Deflecting concerns over Goods and Services Tax Network's (GSTN) equity structure and security, the head of the proposed unified tax's IT system firm Navin Kumar tells Praveena Sharma it was gearing up for July 1 deadline for GST.
Some concerns relating to the equity structure and the security aspect of GSTN has been raised, how valid are they?
First, let's talk about security issue arising from shareholding pattern. GSTN's 51% equity is with private companies that are duly registered in India under Indian laws. So, I do not understand what is the problem. There are some foreign holdings, but those are within permissible limit. Also, all large I-T projects in government, whether state or central, have a private IT company running them. The entire income tax data is with Infosys and TCS, why is there no security issue there? In our case, the government is the present board. There are security concerns, where the government is on board but I haven't heard anybody raising security concerns for other projects handled by non-government companies.
Should GSTN come under RTI?
Since it was funded by government it is subject to RTI.
Under the current legal framework, can Comptroller and Auditor General (CAG) have access to data on your system?
CAG is required to audit the receipts into the consolidated funds of the state and Centre under GST regime. Today, if they want to audit value added tax (VAT) of a state, they go to the state's commercial tax department and call for papers and audit them. Over the past decades, all states have computerised their tax operations because of funding from the central government. So they access the data through the commercial tax department officials. CAG officers tell us that when they go to the states or central government, they have problem getting the data because the I-T system is accessed only by the tax officers. They had requested that we should make some provisions in our system for access of data.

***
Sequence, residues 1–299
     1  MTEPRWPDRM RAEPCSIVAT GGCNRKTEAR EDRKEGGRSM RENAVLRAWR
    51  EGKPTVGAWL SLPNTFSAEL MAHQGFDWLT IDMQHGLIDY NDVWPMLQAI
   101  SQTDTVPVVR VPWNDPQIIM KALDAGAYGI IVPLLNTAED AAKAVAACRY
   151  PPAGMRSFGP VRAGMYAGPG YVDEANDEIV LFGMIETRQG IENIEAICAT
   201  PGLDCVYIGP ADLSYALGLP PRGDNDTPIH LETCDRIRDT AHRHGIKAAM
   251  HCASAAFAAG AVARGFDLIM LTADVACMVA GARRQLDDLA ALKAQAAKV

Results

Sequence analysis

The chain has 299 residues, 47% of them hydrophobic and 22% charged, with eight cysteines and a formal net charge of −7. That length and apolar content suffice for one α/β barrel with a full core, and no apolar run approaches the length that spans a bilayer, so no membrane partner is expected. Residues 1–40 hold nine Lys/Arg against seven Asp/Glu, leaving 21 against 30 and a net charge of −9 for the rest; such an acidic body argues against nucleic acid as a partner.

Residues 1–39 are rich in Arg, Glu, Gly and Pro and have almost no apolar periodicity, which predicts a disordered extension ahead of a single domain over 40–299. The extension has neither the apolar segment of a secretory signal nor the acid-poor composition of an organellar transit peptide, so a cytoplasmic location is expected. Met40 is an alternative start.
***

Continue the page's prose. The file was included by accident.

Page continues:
On that, we had told them that the data with us is that of taxpayers. This data, when we had not come into the picture, would have been with some private company, who have contract with tax departments. So CAG would get it from tax officials. Here also, the data is on our system but does not belong to us, so we cannot give it. However, if the tax departments tell us, we will do so. The governments have to authorise us to give the data.
For this, a dialogue is going on between the government and CAG.
Our suggestion was that CAG should access all the data from respective tax departments because everything that we have is with the state and central tax departments but we don't have everything that they have.
We have also said that we will give CAG online access, just like we have given access to tax officials, if the governments agree.
The other thing is that we are a non-government private company that was funded by the government in the initial three years. So for the first three years we invited CAG to audit us. Last financial year, the government did not give us any money. So, as per company law, we are not supposed to be audited by CAG.
Bhupinder Yadav panel has suggested equity restructuring, what is your view on this?